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EOHCB Advice: Insolvency, Liquidation, Sequestration and Selling a Business as a Going Concern

Insolvency, liquidation, sequestration and the selling of a business as a going concern.


  • Where a natural person becomes insolvent – sequestration

  • Where a partnership goes insolvent – sequestration

  • Where a company or a close corporation goes insolvent – liquidation / winding up

  • The ordinary test for insolvency: the inability to pay his/her debts.

  • The legal test for insolvency: whether his/her liabilities fairly estimated, exceed his/her assets,

  • fairly valued.


Final liquidation occurs when a business:

  • Company Pty (Ltd.) has applied to the High Court;

  • Close Corporation has applied to the Magistrates court for an order of final liquidation. This order will have the effect that the business no longer exists. The business will stop trading; its assets will be liquidated and distributed to creditors in order of ranking.


All contracts of employment are automatically terminated in terms of section 38 of the Insolvency Act when a business is placed in final liquidation. This provides protection to employees upon sequestration or liquidation of their employer. Prior to the amendment, the termination of contracts of employment for reasons of insolvency meant that employees were not considered as dismissed and therefore they did not receive any protection or benefits the law offered in terms of the Basic Conditions of Employment Act or the right to not be unfairly dismissed in terms of the Labour Relations Act.


Contracts of service are suspended on the insolvency of the employer from the date of the sequestration/liquidation order. During the suspension of the contract, the employee is not obliged to render any services to the employer and the employee is not entitled to receive pay or employment benefits. The employee whose contract has been suspended is deemed to be unemployed and would be entitled to claim UIF. An employee whose contract is suspended or terminated would be entitled to claim compensation for loss suffered by suspension or termination of the contract.


Section 197A of the Labour Relations Act applies to transfers of a business where the old employer is insolvent and a scheme of arrangement or compromise has been entered into to avoid winding up or sequestrating the employer for reasons of insolvency.

If a transfer of business takes place between an old employer and a new employer in the circumstances above, the new employer is, unless otherwise agreed, automatically substituted in the place of the old employer in all contracts of employment in existence immediately before the old employers winding up or sequestration.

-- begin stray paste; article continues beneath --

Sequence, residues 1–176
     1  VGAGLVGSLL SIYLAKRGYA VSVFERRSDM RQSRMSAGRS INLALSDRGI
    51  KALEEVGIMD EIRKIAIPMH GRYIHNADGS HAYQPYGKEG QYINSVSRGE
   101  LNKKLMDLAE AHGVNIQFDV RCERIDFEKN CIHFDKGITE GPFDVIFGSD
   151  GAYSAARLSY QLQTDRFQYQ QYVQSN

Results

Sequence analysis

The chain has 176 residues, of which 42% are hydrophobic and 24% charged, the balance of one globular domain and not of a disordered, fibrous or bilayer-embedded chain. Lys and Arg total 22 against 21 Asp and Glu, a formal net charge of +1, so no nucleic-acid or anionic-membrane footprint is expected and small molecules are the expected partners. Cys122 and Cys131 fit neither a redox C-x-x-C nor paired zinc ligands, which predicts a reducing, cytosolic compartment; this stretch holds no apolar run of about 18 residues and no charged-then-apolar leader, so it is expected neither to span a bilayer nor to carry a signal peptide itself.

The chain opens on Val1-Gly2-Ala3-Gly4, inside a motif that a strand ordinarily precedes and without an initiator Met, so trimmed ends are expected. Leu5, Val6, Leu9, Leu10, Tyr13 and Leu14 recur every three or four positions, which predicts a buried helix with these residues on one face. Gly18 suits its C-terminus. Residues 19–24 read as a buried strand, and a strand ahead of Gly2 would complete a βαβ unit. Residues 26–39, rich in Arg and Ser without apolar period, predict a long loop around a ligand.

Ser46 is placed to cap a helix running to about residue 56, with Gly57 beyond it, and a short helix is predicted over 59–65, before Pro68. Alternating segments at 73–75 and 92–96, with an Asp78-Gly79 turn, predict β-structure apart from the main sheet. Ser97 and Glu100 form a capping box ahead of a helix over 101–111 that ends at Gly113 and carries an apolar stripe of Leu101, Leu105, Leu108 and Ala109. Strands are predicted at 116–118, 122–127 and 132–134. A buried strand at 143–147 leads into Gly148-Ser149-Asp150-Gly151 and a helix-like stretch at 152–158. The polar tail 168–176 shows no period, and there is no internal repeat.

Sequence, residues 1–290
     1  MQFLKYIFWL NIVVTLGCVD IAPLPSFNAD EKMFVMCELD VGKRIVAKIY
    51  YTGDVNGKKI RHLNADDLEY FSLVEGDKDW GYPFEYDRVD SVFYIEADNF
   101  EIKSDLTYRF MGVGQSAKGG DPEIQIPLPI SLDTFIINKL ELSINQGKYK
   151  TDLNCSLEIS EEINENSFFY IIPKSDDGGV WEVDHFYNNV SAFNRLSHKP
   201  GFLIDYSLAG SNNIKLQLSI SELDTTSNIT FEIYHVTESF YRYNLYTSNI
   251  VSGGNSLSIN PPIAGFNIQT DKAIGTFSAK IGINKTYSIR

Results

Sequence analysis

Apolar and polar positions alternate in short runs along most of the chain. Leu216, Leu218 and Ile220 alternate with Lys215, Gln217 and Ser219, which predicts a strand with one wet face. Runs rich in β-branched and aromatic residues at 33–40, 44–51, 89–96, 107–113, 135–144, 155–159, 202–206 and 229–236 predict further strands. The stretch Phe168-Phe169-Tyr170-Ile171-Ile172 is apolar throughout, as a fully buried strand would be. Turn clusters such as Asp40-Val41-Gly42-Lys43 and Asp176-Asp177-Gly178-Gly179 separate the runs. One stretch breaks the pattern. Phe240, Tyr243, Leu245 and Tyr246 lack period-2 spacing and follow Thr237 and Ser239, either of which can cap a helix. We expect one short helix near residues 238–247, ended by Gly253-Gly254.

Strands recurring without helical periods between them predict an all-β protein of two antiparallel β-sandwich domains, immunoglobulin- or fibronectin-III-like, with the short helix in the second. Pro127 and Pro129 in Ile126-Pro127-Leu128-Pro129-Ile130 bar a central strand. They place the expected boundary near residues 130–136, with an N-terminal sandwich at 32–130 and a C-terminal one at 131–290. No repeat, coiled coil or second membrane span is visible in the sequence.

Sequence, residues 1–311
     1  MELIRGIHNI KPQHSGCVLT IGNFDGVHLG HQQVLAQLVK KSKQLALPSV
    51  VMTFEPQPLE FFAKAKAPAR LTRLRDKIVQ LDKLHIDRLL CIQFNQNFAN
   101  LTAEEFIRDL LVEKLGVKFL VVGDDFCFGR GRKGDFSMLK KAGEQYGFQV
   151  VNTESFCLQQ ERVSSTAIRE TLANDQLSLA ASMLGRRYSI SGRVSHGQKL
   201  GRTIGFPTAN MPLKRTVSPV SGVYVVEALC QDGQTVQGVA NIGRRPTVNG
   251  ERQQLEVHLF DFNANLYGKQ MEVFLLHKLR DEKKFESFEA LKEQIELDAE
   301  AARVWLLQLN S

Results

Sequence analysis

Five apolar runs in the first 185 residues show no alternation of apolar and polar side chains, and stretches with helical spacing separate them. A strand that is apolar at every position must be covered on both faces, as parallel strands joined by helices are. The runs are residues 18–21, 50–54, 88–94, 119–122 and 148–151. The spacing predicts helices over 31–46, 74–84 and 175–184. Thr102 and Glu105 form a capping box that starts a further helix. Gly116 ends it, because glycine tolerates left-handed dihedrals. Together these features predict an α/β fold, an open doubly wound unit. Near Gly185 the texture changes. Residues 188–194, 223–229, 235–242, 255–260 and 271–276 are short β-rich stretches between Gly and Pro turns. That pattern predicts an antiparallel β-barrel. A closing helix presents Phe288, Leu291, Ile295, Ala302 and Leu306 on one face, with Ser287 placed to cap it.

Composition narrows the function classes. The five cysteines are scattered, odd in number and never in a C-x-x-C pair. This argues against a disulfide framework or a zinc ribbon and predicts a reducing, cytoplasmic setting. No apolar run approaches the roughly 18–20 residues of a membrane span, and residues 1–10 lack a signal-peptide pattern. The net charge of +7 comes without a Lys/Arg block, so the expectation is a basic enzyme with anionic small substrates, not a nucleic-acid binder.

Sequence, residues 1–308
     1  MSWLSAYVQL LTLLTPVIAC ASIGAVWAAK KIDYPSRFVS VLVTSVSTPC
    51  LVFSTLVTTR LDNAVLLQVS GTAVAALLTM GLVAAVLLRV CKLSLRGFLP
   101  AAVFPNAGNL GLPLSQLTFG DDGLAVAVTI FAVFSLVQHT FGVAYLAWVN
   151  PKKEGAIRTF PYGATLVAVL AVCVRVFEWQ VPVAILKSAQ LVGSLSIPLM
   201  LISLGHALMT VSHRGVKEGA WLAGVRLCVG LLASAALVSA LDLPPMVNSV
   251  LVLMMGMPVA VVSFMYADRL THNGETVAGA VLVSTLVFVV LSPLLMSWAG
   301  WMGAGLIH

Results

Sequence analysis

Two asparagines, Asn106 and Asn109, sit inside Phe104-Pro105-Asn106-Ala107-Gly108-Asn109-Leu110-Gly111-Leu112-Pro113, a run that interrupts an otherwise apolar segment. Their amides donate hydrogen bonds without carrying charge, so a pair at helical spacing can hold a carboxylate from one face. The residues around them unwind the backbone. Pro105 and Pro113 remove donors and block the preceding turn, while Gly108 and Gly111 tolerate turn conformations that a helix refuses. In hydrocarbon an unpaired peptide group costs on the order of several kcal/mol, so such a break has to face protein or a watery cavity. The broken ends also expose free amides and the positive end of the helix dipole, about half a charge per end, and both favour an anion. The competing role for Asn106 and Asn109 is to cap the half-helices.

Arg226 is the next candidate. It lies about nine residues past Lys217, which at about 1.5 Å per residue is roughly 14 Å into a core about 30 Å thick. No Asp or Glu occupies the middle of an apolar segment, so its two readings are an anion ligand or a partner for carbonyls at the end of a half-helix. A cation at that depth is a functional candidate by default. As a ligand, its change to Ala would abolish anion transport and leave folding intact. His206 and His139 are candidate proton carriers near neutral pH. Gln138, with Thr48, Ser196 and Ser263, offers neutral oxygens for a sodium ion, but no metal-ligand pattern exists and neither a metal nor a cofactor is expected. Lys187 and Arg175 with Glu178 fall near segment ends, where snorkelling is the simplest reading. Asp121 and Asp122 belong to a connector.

The transfer of the business does not interrupt the employees’ continuity of employment and their employment continues with the new employer as if with the old employer.

However, anything done before the transfer by the old employer in respect of each employee will be considered to have been done by the old employer and not the new employer. For example, the new employer cannot be responsible for a dismissal made against an employee by the old employer. In addition, all rights and obligations between the old employer and each employee at the time of transfer remain the rights and obligations of the old employer and each employee.

The rights and obligation of the old employer in respect of collective agreements and arbitration awards also become the rights and obligations of the new employer.

The new employer will comply with its obligations in terms of section 197A if the new employer employs transferred employees on terms and conditions that are on the whole not less favourable to the employees than those on which they were employed by the old employer. However, if the terms and conditions are determined by a collective agreement, this will continue to apply.


The CCMA and or Bargaining Council has no jurisdiction to consider the validity of an order of insolvency or liquidation issued by the High Court. Employee’s recourse would therefore be in lodging a claim with the trustees or liquidators.


The EOHCB Constitution requires members to give three months written notice to the divisional manager when membership is terminated. The same principle applies for when you close your business.

Keep in mind that the Bargaining Council will upon receipt of closure notification, request an Agent to conduct an inspection to confirm the closure of the business and thereafter only issue a “code 9”. This means that the business is made inactive and will no longer attract any costs.


Basic Conditions of Employment Act, Insolvency Act; Labour relations Act, and the Companies Act.

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